He was bubbling all day yesterday but managed to pull himself together before lunch, to avoid a detention. In the afternoon, he continued his reign of terror by messing around, disturbing other children and bossing them about. He had no idea what we were doing, yet seemed to have an undying urge to reveal his psychic inabilities, by telling children what they needed to do, before I’d even got to that stage of the instructions.
We were making switches and testing them during a science lesson. He decided to tell children to get more batteries to see what happened. So I ended up with 6 children running backwards and forwards to try out different batteries. “We’re testing them to see which ones work,” he explained. So I followed him and found his table had seven batteries on it all lined up in a little row, ready to blow the bulb he was using. That was the nail on the head yesterday afternoon. I told him he needed to buck his ideas up today and even encouraged him by giving him a very important job to do, if he behaved.
All morning, he has carried on being disruptive. He talked during the register, even after I stopped twice to remind him to be quiet. He already knows why he needs to be quiet, he can explain very clearly why he can’t talk during the register, yet he still did it.
He didn’t practise his spellings at home, this week, so his score was lower than it’s ever been before. In his defence, many children got low scores today. To say I was baffled by this, would be lying. I know why they didn’t do as well, because so many of them kept leaving their home spelling books on the tables at the end of the day. This evening, I made sure that every child had their home spelling book in their book bag, before they walked out of the door. Honestly, I can’t do that every week, it just took too long. Is it too much to ask 27, 7-8 year olds to remember to take their book from their tray, when I remind them 5 times every day at 3pm anyway?? I tell each table once. There’s five tables in the class. That’s 5x each evening. What more can I do? Physically put the book inside their book bag for them? How about I staple each child’s book to their forehead?
During English, he abandoned his group and started disrupting the other groups. He crawled underneath tables, threw pencils and pens across the room when I wasn’t looking. Neither my TA or I saw him physically throw pencils and pens, but many children reported it and they were getting rather annoyed by him too. He ended up with a detention by this point so I just added it to his list from yesterday. When I caught him crawling from underneath his table after a child in his group yelled his name, I’d reached my limit. I orange carded him and sent him to the phase leader. He came back, apologised, then as soon s she’d left the room, he started messing around again.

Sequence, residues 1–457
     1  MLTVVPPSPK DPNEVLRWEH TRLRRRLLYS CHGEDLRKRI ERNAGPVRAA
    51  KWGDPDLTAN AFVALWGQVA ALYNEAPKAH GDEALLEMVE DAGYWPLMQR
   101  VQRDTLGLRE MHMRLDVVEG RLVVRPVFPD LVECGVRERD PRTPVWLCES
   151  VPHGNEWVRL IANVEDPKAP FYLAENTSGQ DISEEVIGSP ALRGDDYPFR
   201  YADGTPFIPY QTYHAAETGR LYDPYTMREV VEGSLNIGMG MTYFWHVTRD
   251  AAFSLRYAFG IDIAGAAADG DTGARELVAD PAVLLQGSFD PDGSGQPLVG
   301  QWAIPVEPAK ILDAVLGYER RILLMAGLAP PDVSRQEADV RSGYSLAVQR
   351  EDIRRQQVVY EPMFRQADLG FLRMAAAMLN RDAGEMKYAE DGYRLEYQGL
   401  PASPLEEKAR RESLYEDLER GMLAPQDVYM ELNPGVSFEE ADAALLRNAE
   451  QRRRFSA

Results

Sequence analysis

In guided reading, he messed around and completed his independent task too quickly. He’d rushed it, and had scribbled his picture when colouring it in. He was rubbing out the whiteboard instructions for his group. He was generally annoying all 5 girls in his group. Which was, in turn, annoying me. As each girl took a turn to come and disturb me and my focus group, to tell me what what was (or wasn’t) doing. He went to detention, and then after lunch, he went to use the toilet. So much noise was coming from the boys toilets whilst I was doing the afternoon register, my TA went to check on the situation. She found him standing on the toilet itself, peering over the partition separating the cubicles.
That was it. I broke. My patient, Mary Poppins demeanour crashed down like a tower of Jenga bricks. I sent him back to detention to explain himself to someone higher up. For once, this week, I managed to finish the register in a silent classroom. He came back with an a apology, a warning and a requested update after every lesson this afternoon. He was on a behaviour report for the rest of the day. He was given a detention for the entire lunch break tomorrow and I needed to have the awkward conversation with his mum after school.
The meerkat broke me. He actually broke me and the class knew it. They all kept a very close eye on him, all afternoon. If he stepped even a millimetre out of line, they were on him like a tonne of Jenga bricks. It’s amazing to see how a class of children can recognise when the teacher has reached her limit, and rally together to back her up. Ultimately, my class of darlings, performed my behaviour management routines for me this afternoon. It made me realise that they do, truly, listen to me. Even when I think they haven’t, they’ve heard me repeat my cautions and encouragements so often, they can literally say them for me now. (Even with the sarcastic tone for the smarty pants I have.) Maybe I am doing a better job than I give myself credit for. Maybe my words don’t fall on deaf ears, like they appear to, most of the time. Maybe I can make it until July. Just maybe.